I was pleased that I could see the name of the illustrator, Aurélie Blanz, on this card.  It was nice to “discover” and explore Blanz’s brilliant work. I found another artist to love.

BLC Swap 18: Illustrator Fiep Westendorp

The postcard above, from Sammoning in the Netherlands, features an illustration by Fiep Westendorp, known for Jip en Janneke, Pluk van de Pettenflat and others.  Every year, “kids go door-to-door to sell card sets and [matching] stamps” for Kinderpostzegels–to support educational and children’s charities.

It’s always nice when a bear shows up in my mailbox.

Swap 19: Little Polar Bear by Hans de Beer

Lars, the “little polar bear” came from Sissi, also in the Netherlands.

BLC Swap 19: The Tale of Peter Rabbit by Beatrix Potter

The postcard above, from HelenGB in Canada, features the cover of the first Frederick Warne edition of The Tale of Peter Rabbit, 1902.

Alice in Wonderland postcards are a special treat because I love all the different artistic interpretations of the story [I won’t mention that I have a whole box of Alice postcards that I have trouble sharing].

Inger sent this one from Sarpsborg, which is in the south-east part of Norway.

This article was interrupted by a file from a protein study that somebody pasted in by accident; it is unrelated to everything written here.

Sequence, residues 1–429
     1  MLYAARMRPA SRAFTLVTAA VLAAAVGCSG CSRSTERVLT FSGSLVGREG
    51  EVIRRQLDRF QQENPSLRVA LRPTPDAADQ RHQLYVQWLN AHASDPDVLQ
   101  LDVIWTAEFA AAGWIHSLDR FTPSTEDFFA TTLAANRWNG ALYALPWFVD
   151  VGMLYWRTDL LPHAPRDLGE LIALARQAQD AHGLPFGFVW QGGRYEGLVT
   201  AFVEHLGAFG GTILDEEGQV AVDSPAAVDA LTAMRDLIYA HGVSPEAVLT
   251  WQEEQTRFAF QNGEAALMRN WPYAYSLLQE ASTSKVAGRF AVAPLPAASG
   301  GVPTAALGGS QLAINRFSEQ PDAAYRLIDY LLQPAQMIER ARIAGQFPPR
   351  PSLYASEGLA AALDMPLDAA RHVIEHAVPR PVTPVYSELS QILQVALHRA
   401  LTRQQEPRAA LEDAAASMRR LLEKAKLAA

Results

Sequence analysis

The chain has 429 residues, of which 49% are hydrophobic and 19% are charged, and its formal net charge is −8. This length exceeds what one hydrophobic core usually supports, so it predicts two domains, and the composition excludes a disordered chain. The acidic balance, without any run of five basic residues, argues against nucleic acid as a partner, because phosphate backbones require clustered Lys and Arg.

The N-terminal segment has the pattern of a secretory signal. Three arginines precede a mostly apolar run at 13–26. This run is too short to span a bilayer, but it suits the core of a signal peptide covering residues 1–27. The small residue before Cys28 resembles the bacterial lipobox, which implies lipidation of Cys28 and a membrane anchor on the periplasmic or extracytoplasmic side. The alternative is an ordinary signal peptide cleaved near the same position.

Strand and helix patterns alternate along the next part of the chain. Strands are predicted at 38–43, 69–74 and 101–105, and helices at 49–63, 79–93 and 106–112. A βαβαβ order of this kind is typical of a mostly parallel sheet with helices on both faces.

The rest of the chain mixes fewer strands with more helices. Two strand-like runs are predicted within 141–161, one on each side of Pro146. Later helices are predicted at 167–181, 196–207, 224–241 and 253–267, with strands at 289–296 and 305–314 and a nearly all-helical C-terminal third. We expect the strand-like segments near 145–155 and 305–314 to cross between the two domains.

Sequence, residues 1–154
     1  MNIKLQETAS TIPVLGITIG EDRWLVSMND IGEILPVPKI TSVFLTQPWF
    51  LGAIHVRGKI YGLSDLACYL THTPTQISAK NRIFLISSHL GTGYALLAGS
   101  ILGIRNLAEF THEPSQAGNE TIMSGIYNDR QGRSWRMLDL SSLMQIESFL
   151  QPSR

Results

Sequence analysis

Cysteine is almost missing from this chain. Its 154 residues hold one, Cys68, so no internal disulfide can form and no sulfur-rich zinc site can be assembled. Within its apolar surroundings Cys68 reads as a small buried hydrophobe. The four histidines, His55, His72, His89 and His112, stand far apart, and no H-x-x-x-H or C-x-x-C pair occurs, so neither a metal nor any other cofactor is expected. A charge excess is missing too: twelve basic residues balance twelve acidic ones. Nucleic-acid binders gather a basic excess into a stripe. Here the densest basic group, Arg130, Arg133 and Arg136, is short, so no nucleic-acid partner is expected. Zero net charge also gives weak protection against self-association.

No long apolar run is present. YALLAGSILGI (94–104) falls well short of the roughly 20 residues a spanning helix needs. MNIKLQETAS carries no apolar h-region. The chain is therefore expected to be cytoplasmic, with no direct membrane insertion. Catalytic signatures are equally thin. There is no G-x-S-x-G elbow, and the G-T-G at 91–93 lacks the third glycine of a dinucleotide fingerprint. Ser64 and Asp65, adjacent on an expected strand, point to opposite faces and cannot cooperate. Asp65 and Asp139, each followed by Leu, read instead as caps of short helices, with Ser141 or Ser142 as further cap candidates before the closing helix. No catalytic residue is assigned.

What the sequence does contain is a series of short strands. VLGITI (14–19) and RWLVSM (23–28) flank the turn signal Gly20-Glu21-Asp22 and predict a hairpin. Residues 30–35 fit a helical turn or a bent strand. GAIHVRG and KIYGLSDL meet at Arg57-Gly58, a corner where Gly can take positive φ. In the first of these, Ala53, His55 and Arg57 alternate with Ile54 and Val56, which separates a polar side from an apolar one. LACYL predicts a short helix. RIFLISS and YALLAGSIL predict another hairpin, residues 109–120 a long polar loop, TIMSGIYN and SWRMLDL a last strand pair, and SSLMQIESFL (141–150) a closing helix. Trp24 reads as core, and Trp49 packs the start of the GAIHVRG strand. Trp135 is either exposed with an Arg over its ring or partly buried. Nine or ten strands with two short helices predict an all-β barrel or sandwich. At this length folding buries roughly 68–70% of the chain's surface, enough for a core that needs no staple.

Swap 20: “The cat only grinned when it saw Alice. It looked goodnatured, she thought: still it had very long claws and a great many teeth.” Alice in Wonderland by Lewis Carroll. Illustrated by Sir John Tenneil

Her postcard also featured children’s book illustration postage:

And finally, Marinda in the United States sent an illustration from one of the sweetest tales I read to my little one when he was a baby, Guess How Much I Love You.

BLC Swap 20: Guess How Much I Love You by Sam McBratney, Illustrator Anita Jeram

As always, an eclectic selection, but a feast for the eyes and warm fuzzies for the heart!

An “African” Christmas Party

“Gateway to Africa Tree”

Every year the university at which I teach hosts an elaborate “themed” Christmas party. Faculty, staff, and administrators dress according to theme, compete for prizes in some cases (like the ugliest sweater contest one year and the talent competition another year). Photo booths, craft stations, excellent music, door prizes, food, and “the envelope” that reveals our Christmas bonus are “staples” of the event. This year there was even a massage station and a cash bonus in addition to our regular bonus!